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Many serious issues surround the RCRA reauthorization.

This article provides a preliminary view of the issues surrounding the reauthorization of the Resource Conservation and Recovery Act (RCRA). The act governs the management of solid and hazardous waste in the U.S. and could have significant impacts on foundries and other U.S. manufacturing industries.

Potential impacts on foundries include stringent and costly recycling process controls and increased disposal costs due amount of foundry materials considered hazardous. Highlights of the major issues and proposed legislation are provided as are environmental community and industry positions on RCRA. A proposed strategy for improving the act from a foundry industry perspective is also provided.


RCRA was initially passed by the U.S. Congress in 1976. Subtitle D of the act addressed the management of 'solid waste.' Subtitle C of RCRA established a "cradle to grave' hazardous waste management system and required the U.S. Environmental Protection Agency (EPA) to adopt regulations to implement the intent of the law. RCRA allowed states to develop their own solid and hazardous waste management programs, as long as they called for standards that were as stringent as those outlined under the federal regulatory program. Subsequent EPA regulations defined the terms "solid' and "hazardous' wastes and devised standards for the management of each.

RCRA was amended in 1980 and again in 1984. The 1984 Hazardous and Solid Waste Amendments HSWA) have had a significant impact on U.S. industries, including foundries. Major EPA rules issued under HSWA include land disposal restrictions that now require all hazardous waste to be treated to Best Demonstrated Available Technology' standards before being disposed of in a landfill.

The Toxicity Characteristic Leaching Procedure (TCLP) test replaced a former test method in September 1990. TCLP is used to determine if a solid waste is considered hazardous based on its ability to leach certain constituents under acid conditions. This test is generally more aggressive on metallic waste streams and has greatly increased the amount of materials considered to be hazardous waste, particularly impacting nonferrous foundries. EPA expected the TCLP rule to triple the amount of waste considered hazardous under RCRA.

In July 1990, EPA outlined the structure of the HSWA corrective action program in a proposed rule. This program would impose site investigation, study procedures and cleanup requirements for RCRA facility owner/operators. The complexity of the proposed rule is probably best measured by the time necessary for EPA to develop a final rule in response to public comments. The final rule is not expected until January 1993. MaJor issues

Reauthorization of RCRA is now being considered by Congress. Walt Kiplinger, AFS vice president government affairs, expects floor action on the bill in 1993 or 1994. Although the RCRA debate is in its preliminary stages, the following general topics appear to be the major issues being contemplated by Congress:

Recycling Management Standards-Placing control measures on industrial material recycling processes.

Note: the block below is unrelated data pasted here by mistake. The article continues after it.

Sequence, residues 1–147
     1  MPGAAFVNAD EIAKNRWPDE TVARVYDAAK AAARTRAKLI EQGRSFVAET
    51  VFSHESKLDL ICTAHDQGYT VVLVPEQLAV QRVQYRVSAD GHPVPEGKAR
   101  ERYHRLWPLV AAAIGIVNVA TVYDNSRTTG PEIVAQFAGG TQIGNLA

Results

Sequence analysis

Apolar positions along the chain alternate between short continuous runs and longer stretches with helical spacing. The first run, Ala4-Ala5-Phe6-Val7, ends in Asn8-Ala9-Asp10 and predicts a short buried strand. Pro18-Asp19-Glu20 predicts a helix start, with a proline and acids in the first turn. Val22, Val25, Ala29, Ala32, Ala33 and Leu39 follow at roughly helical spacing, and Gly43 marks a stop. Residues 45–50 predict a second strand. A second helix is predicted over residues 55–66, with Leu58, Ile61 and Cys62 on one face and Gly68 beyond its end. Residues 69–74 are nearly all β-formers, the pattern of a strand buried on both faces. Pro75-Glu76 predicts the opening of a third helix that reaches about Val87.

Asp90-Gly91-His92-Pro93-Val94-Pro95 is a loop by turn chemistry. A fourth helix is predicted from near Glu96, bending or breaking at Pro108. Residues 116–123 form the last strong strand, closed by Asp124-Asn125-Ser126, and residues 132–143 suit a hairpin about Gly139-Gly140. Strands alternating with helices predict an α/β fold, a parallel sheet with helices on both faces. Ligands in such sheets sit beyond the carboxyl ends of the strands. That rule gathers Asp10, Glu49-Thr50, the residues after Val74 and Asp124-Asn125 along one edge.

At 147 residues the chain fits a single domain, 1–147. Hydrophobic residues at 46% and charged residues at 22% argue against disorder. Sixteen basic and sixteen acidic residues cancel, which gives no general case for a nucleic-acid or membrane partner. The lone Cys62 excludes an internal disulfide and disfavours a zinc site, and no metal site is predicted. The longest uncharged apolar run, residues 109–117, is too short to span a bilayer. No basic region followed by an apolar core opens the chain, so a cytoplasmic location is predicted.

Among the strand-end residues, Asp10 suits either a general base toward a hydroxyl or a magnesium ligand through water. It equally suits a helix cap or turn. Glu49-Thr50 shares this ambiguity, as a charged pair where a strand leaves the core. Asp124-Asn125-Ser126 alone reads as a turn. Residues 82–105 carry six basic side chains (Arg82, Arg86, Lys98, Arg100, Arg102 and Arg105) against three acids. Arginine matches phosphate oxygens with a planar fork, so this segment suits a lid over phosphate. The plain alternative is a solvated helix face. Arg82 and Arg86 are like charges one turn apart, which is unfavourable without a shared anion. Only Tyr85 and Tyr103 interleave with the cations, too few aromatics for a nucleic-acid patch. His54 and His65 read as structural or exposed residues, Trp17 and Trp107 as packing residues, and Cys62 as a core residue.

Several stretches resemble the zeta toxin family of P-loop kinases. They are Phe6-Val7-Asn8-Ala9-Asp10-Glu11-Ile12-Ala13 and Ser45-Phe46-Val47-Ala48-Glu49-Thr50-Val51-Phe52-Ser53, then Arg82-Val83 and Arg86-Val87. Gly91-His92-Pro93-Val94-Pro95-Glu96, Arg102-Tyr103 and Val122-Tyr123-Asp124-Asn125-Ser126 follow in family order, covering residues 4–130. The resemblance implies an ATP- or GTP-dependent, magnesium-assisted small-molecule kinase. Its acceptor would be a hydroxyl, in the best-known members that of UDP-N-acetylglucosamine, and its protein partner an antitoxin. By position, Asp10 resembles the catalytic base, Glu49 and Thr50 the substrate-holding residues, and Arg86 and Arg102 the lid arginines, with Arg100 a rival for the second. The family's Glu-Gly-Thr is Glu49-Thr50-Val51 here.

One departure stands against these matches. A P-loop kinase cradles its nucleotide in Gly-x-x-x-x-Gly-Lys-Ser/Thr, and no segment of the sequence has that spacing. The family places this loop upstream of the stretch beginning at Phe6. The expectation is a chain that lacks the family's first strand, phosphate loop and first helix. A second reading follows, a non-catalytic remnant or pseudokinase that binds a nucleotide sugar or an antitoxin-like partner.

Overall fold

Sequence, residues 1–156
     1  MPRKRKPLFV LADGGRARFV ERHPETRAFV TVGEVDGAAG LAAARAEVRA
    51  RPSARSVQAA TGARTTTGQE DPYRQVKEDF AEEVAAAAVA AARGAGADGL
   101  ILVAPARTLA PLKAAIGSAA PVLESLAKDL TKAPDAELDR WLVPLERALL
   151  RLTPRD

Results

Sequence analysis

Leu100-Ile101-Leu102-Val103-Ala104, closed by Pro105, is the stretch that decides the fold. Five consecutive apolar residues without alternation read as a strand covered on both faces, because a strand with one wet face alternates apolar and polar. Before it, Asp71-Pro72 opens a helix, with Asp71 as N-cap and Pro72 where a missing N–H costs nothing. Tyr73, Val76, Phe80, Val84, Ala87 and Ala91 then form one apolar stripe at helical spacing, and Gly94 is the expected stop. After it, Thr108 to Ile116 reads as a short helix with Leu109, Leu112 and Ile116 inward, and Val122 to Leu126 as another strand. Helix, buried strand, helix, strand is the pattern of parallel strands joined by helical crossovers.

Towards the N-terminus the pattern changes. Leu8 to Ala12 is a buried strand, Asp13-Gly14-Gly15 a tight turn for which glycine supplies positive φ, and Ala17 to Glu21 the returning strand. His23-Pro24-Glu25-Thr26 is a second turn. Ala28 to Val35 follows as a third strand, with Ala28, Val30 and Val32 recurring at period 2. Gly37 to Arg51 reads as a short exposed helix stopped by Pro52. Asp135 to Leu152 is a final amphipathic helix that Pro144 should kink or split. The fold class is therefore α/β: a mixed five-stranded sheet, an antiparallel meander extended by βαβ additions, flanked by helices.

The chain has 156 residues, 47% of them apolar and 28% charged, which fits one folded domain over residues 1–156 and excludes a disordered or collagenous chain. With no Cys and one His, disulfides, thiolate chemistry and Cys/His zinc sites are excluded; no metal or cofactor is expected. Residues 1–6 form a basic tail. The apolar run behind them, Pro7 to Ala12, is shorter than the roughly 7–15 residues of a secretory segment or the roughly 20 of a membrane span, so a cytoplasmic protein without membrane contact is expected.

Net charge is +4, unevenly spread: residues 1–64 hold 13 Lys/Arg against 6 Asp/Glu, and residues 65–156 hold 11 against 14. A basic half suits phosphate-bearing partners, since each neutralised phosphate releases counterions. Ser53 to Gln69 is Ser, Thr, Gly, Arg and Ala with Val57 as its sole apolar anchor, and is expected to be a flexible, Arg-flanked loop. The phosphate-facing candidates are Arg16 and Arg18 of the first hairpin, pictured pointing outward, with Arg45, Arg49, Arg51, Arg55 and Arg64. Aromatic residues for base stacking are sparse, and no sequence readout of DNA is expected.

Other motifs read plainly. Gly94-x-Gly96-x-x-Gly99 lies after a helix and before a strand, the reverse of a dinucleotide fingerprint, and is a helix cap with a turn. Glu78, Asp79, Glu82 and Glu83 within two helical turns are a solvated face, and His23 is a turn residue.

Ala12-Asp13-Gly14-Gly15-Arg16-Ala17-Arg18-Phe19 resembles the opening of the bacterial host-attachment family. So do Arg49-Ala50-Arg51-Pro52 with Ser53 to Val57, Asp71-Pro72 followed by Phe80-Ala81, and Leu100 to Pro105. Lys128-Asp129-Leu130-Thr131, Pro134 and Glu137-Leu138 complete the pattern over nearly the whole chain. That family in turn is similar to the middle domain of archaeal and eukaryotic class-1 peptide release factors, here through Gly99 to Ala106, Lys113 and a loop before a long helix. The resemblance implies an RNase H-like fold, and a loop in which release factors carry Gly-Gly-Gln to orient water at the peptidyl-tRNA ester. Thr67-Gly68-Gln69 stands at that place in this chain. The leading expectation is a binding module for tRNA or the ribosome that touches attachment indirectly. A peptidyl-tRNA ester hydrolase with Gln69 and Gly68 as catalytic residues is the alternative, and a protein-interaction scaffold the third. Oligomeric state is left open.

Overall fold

Definition of Solid Waste-New definition of solid waste, a key term with many policy implications under both the solid and hazardous waste management programs, would have costly effects.

Waste Minimization ProgramsWould require hazardous waste generators to prepare, certify and submit to EPA toxics used and source reduction plans and performance reports. Requirements would be legally enforceable.

State Issues-interstate transport and disposal of waste has been a hot topic in Washington. Alabama and several other states have placed shipment bans on waste transported from states that do not have adequate disposal capacity assurance plans. In addition, states have used their authority under RCRA to develop regulations that are more stringent than federal requirements for industrial orphan waste,' materials classified in the abyss between solid and hazardous waste. This has led to a gamut of regulatory approaches that have begun to impact fair competition and influence business siting decisions.

Proposed Legislation

Several bills have been introduced in the Senate to address RCRA reauthorization. The most prominent bill, S. 976, was introduced by Sen. Max Baucus DMID on April 25,1991 (102nd Congress, first session). The Baucus bill focuses on solid waste management issues, specifying recycled content standards for various recyclable commodities, packaging standards and national waste management policy goals.

The bill establishes a new class of materials under RCRA referred to as 'hazardous secondary material' and requires EPA to ...promulgate requirements for the recycling, recovery and reuse of hazardous waste and hazardous secondary material..." Unfortunately, if EPA fails to issue these regulations within 24 months of enactment, "hazardous secondary material" will be deemed hazardous waste and will become subject to all of the costly management requirements with which foundries are all too familiar.

It is likely that many foundry process residuals such as sands and slag would be classified as hazardous secondary material" under S. 976. In addition, the bill requires that the EPA regulations covering the recycling, recovery and reuse of hazardous secondary material must contain: